A group of refugees from Schisto Accommodation Centre in western Attica got a rare opportunity. To visit the historical monument of Acropolis and the Parthenon.
The visit was organized by the Ministry of Culture on the occassion of World Refugee Day on June 20.
Minister Lydia Koniordou accompanied the group.
Together with archaeologists the minister guided the group through the archaeological site of the Acropolis and showed them at the other historical monuments surrounding the Greek holy rock.
Lydia Koniordou spoke to the teenager refugees about the historical significance of the Parthenon as well as about the freedom and democracy values this World Heritage represents.
two pictures and a 140-character tweet by @MediaGovGr, the official twitter account of the Greek Secretariat General for Media and communication.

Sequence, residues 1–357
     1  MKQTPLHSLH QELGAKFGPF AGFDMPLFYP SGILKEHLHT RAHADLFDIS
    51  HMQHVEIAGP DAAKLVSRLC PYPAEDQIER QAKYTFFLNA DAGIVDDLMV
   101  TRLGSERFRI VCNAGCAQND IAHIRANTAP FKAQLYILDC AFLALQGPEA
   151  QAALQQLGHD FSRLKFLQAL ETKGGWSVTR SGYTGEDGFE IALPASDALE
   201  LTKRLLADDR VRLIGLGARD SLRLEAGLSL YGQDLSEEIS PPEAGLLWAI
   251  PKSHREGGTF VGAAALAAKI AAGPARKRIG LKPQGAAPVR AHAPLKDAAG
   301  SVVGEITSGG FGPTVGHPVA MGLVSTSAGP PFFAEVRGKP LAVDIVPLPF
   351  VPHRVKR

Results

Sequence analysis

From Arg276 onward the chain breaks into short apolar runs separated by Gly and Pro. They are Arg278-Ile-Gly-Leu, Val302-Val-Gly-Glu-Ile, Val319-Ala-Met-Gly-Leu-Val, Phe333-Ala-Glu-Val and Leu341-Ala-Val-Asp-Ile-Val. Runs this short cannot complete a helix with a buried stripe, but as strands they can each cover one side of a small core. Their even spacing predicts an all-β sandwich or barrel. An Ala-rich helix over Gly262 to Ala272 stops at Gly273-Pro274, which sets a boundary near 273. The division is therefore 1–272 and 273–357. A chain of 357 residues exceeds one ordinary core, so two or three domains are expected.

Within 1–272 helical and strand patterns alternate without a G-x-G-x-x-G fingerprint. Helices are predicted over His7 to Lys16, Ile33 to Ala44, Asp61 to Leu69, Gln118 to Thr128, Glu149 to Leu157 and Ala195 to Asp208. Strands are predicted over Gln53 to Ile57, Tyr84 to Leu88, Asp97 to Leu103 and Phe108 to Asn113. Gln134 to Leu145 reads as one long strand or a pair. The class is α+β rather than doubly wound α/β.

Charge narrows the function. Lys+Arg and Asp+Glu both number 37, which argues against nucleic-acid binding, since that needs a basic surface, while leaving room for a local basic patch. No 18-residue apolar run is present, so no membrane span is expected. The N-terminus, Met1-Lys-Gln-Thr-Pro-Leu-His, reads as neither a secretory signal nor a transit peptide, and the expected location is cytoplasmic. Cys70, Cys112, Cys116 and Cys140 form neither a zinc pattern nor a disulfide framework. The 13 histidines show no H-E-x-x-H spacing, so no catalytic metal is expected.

The Acropolis of Athens is a unique monument on an extreme rocky hill in the Greek capital. Construction work started in the 5th century B.C under famous Greek statesman Pericles (495-429 BC).
The Acropolis is one of the most influential cultures in human history and was recognized as a World Heritage site in 1987. In acknowledgement of its gravity and symbolic presence throughout history, UNESCO has stated that the Acropolis can be seen as the symbol of World Heritage itself: “Illustrating the civilizations, myths and religions that flourished in Greece over a period of more than 1,000 years, the Acropolis, the site of four of the greatest masterpieces of classical Greek art – the Parthenon, the Propylaea, the Erectheum and the Temple of Athena Nike – can be seen as symbolizing the idea of world heritage.”
PS thanks to @MediaGovGr, the official twitter account of the Greek Secretariat General for Media and communicatio for providing the info.